I watched President Kennedy's funeral on Monday, the viewing as somber in 2013 as it surely was 50 years ago. November 25, 1963 was a national day of mourning — no work, no school.  I played tag with grade school friends and roller skated the neighborhood as the events unfolded in Washington. I also remember wishing I could see the funeral but our family TV was broken. Thanks to this week's retro coverage on, I finally did.

The Kennedy funeral was a uniquely American blend of pageantry and simplicity. We're talking about the President of the United States, so a certain protocol and decorum were required. And yet, this was not the funeral of a king or emperor, with the pomp and circumstance of royalty. The President is elected from the people and for the people. In life and in death, he is one of us, and we have a right, no, an obligation to honor our President when he departs from this world. Still, there was cruel irony in the fact that it was John Kennedy's accessibility that got him killed.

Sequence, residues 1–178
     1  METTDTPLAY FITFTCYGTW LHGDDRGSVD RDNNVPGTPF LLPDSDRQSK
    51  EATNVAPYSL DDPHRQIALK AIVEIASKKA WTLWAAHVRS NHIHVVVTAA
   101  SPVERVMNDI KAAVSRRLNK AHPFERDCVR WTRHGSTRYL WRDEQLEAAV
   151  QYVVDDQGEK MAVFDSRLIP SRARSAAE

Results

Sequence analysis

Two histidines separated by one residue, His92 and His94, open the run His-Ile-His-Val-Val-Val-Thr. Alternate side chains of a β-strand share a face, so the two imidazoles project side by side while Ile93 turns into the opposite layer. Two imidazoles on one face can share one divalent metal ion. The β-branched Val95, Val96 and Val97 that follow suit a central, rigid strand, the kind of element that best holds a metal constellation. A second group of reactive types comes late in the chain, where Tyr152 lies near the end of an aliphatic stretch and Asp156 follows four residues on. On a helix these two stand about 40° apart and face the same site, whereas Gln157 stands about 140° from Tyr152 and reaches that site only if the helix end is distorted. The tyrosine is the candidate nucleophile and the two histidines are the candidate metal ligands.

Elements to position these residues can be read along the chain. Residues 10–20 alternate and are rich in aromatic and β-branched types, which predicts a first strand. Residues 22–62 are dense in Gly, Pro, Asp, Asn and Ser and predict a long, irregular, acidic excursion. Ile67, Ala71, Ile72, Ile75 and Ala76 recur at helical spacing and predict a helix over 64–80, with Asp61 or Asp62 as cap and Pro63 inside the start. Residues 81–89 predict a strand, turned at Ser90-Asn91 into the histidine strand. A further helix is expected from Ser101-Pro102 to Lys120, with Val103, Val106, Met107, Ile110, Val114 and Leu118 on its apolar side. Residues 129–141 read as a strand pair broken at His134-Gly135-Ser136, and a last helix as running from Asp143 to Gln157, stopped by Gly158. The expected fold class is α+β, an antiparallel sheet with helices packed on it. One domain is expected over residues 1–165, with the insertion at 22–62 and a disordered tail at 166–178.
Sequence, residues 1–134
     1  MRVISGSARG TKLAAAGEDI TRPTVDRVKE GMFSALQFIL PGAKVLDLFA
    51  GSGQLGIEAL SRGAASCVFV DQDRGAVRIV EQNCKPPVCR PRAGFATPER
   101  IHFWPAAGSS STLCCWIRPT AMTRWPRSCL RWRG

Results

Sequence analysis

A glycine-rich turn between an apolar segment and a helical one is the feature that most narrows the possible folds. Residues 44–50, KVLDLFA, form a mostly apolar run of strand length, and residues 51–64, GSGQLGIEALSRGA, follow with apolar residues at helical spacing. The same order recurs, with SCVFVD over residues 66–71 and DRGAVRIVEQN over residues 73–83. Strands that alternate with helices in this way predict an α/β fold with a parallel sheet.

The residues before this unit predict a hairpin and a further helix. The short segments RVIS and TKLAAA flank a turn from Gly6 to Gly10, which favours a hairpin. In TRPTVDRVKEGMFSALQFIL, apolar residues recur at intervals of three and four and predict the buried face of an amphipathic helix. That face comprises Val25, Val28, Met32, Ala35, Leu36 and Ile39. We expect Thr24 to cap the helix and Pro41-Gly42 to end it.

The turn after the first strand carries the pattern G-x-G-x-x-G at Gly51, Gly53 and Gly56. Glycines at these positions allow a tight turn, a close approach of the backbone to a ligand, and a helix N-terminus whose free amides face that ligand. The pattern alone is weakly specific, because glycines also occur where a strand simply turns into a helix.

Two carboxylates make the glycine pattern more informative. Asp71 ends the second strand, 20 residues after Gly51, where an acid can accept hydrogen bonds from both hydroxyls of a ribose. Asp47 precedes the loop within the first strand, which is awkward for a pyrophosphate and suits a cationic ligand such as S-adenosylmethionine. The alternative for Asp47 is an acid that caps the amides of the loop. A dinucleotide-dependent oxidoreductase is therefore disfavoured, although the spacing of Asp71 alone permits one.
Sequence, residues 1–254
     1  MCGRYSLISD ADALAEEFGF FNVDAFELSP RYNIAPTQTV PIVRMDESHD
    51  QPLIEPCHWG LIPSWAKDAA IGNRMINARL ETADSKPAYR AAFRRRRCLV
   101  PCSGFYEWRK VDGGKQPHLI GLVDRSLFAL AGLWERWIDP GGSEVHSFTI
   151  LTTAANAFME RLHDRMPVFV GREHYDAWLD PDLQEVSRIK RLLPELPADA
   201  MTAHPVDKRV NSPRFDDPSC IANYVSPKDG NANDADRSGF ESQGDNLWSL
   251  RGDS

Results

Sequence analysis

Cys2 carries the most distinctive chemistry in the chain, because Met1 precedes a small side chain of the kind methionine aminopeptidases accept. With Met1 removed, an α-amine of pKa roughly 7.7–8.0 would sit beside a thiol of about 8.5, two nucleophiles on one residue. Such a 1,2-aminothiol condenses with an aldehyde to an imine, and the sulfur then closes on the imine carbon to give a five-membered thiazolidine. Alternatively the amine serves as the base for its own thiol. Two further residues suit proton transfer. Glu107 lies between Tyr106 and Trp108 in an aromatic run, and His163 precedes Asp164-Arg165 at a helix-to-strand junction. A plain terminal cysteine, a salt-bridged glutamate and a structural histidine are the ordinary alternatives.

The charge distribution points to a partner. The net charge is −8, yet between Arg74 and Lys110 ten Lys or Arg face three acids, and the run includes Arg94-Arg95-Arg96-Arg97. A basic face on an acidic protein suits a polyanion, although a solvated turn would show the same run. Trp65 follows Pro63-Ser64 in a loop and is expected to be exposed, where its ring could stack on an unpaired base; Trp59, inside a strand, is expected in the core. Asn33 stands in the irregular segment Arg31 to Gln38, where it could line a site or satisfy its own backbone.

An estimated 250,000 people filed past President Kennedy's casket as he lied in state under the Capitol Rotunda. More than 300,000 lined the streets of Washington as the funeral procession made its way around the city. 93 percent of America saw the funeral of television, the largest viewing audience ever recorded to that point.

There is something to be said about how the time between death and funeral is so important to a grieving family. From personal experience, I know the planning, the creative remembering, and the preparations keep the family busy and focused during a very difficult time. Mrs. Kennedy is to be commended for putting together, in a stunningly brief time, a funeral that went a long way in helping America to heal.